19 thru 21
Appendix 2: Corruption of practice

First and Second Samuel Overview


First Samuel is the first of two historical books, which describe Israel's transition from a loose confederation of tribes to a strong and united nation, under an earthly king.  It portrays the life of the last judge, Samuel, and the anointing of the first king of Israel, Saul.  It recounts the degenerating reign of Saul and the succession of his throne by David, who was a man after God's own heart.  In the original Hebrew text, the Hebrew scribes considered the two books of Samuel as one book.  Second Samuel begins with the death of Saul and the ascension of David to the throne.  The remainder of the book records the reign of David, regarding conquered lands, as well as political intrigues. It concludes with the blessing of Solomon by David.

Why should we follow GOD instead of man (1 Samuel 12:19-25)?
First Samuel Outline
A. The Life of Samuel
Chapter Reference
1:1 thru 4:1a  
The birth and childhood of Samuel
4:1b thru 7:2   
The capture and return of the tabernacle ark
7:3 thru 7:17
The victory over the Philistines
B. The Life of Saul
Chapter Reference
Israel's request for a king
9 thru 12
Political life of Saul
13 thru14
War and independence
C. The Early Life of David
Chapter Reference
Saul rejected by Samuel
16:1 thru 16:13
David annointed to be king
16:4 thru19:17
David in the court of Saul
19:18 thru 31
War and independenceDavid in exile
Second Samuel Outline
A. The Middle Life ofDavid
Chapter Reference
1 thru 4
David, king at Hebron
5 thru 8   
David, king at Jerusalem
9 thru 20
David's life as king
B. The Last Days of David
Chapter Reference
21:1 thru 21:14
Famine in the land
21:15 thru 21:22
Some heroic exploits
David's psalm
23:1 thru 23:7
David's testament
Cencus and plague
First and Second Kings Overview
In the original Jewish texts, these books, like 1st and 2nd Samuel, were regarded as one book. The two books contain the history of the Jewish monarchy from the death of David to the Babylonian exile.  These two books trace the division of the Jewish nation into the Kingdom of Judah in the south and the Kingdom of Israel in the north.  The Books of Kings record Israel's history from a religious, rather than a civil, viewpoint.  As such, they record the religious progress of the nation and show the various steps in the moral growth and decay of the kingdom.  1st Kings opens with Israel in its glory, and conversely 2nd Kings closes with Israel in ruins.  The purpose of the Book of Kings is to record the lives and characters of the nation's leaders as a warning and exhortation to all subsequent generations of believers.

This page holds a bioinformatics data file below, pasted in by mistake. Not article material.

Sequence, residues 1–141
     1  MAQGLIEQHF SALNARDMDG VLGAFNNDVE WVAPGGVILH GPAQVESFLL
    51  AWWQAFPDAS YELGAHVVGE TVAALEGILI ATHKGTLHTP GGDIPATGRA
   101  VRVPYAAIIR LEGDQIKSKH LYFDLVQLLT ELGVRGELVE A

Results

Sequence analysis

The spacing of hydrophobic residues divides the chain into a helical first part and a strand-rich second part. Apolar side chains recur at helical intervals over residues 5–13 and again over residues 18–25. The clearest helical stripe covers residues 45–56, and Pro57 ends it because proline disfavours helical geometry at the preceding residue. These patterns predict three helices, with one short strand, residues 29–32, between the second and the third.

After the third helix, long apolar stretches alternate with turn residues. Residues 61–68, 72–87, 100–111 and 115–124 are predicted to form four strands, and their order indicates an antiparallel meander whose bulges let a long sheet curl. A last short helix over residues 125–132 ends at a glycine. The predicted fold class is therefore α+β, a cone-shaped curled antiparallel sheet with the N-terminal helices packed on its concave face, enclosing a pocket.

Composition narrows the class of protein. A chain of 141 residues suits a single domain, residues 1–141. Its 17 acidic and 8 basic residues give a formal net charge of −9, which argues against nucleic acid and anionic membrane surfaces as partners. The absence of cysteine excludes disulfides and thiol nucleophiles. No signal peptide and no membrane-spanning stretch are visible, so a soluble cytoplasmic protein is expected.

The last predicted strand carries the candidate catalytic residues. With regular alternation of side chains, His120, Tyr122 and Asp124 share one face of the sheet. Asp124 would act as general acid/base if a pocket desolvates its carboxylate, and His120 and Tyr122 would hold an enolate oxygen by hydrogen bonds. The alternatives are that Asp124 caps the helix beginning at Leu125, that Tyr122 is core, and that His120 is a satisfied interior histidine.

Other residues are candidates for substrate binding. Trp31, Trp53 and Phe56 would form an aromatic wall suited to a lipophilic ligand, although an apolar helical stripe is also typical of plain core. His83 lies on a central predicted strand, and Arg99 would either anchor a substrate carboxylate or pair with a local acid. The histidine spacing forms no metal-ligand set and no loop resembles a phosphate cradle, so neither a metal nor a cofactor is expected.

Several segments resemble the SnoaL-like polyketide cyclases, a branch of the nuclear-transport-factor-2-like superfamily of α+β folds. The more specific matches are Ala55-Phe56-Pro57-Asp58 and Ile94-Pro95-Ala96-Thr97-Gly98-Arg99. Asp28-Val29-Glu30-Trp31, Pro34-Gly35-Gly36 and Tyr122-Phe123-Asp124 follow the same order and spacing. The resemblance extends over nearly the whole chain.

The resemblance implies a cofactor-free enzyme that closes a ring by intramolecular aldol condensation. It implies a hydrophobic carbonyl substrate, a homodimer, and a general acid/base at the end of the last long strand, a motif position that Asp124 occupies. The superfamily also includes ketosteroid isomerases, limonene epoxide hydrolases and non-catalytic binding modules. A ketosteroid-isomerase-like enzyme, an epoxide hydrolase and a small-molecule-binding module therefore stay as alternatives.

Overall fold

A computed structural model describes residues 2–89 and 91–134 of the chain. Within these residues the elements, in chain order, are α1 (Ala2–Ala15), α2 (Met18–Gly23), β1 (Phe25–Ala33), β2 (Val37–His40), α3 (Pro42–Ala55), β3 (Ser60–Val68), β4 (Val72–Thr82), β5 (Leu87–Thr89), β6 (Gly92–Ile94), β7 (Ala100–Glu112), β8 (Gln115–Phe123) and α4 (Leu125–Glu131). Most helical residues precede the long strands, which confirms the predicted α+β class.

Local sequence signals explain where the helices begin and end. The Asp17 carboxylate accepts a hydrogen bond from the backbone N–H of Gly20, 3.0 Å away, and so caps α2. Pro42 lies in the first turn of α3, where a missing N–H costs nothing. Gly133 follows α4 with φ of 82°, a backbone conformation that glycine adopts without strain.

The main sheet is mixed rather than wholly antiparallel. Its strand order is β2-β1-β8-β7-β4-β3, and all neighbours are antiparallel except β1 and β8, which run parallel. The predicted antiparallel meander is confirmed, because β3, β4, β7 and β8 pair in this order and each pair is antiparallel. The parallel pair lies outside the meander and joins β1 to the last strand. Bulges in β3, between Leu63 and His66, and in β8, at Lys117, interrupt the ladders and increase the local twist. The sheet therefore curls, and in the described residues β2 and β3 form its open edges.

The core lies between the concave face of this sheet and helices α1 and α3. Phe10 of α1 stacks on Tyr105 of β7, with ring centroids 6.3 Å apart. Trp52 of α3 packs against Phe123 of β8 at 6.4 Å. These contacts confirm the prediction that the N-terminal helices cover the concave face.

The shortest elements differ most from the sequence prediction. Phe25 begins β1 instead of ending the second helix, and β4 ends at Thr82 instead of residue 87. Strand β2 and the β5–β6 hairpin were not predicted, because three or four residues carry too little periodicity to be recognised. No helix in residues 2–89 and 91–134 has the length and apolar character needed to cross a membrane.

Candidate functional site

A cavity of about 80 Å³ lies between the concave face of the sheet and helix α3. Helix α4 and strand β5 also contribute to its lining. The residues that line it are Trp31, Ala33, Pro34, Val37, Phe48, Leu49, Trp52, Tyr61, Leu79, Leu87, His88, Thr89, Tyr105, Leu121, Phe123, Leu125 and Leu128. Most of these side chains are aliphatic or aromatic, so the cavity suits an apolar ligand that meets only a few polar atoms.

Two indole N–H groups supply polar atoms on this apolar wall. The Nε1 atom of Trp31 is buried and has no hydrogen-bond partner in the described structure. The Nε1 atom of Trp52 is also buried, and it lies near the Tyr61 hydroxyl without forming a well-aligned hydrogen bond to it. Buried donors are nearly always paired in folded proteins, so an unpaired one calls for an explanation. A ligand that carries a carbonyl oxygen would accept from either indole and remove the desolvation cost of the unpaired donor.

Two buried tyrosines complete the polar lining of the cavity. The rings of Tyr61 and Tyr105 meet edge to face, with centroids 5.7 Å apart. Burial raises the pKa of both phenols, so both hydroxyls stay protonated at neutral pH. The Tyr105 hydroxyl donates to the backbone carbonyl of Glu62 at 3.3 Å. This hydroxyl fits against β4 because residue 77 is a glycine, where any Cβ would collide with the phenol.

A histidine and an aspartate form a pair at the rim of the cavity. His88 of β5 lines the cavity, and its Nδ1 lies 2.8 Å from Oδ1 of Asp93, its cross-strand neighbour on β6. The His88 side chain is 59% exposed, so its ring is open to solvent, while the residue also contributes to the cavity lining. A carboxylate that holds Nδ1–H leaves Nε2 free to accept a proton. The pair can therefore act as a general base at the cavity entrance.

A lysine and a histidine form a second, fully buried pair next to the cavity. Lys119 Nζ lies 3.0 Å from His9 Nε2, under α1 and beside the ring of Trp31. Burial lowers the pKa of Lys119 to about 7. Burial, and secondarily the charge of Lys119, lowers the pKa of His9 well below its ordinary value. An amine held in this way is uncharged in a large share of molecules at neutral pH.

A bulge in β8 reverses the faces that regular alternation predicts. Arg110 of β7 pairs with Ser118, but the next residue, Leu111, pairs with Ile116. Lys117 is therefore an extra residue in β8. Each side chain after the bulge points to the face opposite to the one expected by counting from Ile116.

I go the way of all the earth: be thou strong therefore, and shew thyself a man; and keep the charge of the LORD thy God, to walk in his ways, to keep his statutes, and his commandments, and his judgments, and his testimonies, as it is written in the law of Moses, that thou mayest prosper in all that thou doest, and whithersoever thou turnest thyself: 1Kings 2:2-3

As believers in Jesus we are to do endeavor to do just two things.Love GOD and what else?
First Kings Outline
A. The United Kingdom From Solomon to Rehoboam
Chapter Reference
1 thru 2
Solomon's ascension to the throne
3 thru 4
The wisdom and wealth of Solomon
5 thru 9
Solomon's building activity
The golden age of Solomon
Solomon's false religion, decline and death
B. The Divided Kingdom-How it Started
Chapter Reference
12:1 thru 16:28
Antagonism between Israel and Judah, from Jeroboam to Omri
16:29 thru 22:53
Elijah, Elisha-from Ahab to the ascension of Ahaziah
Second Kings Outline
A. The Divided Kingdom-How it Ended
Chapter Reference
1:1 thru 8
From Ahaziah to the ascension of Jehu
9 thru 17
From Jehu to the destruction of Israel
B. The Divided Kingdom-How it Started
Chapter Reference
18 thru 20
The kingdom under Hezekiah
The reigns of Manasseh and Amon
16:29 thru 23:30
Reform in Judah and Israel under Josiah
23:31 thru 25:26
The last days of Judah
25:27 thru 25:30
Epilogue: The release of Jehoiachin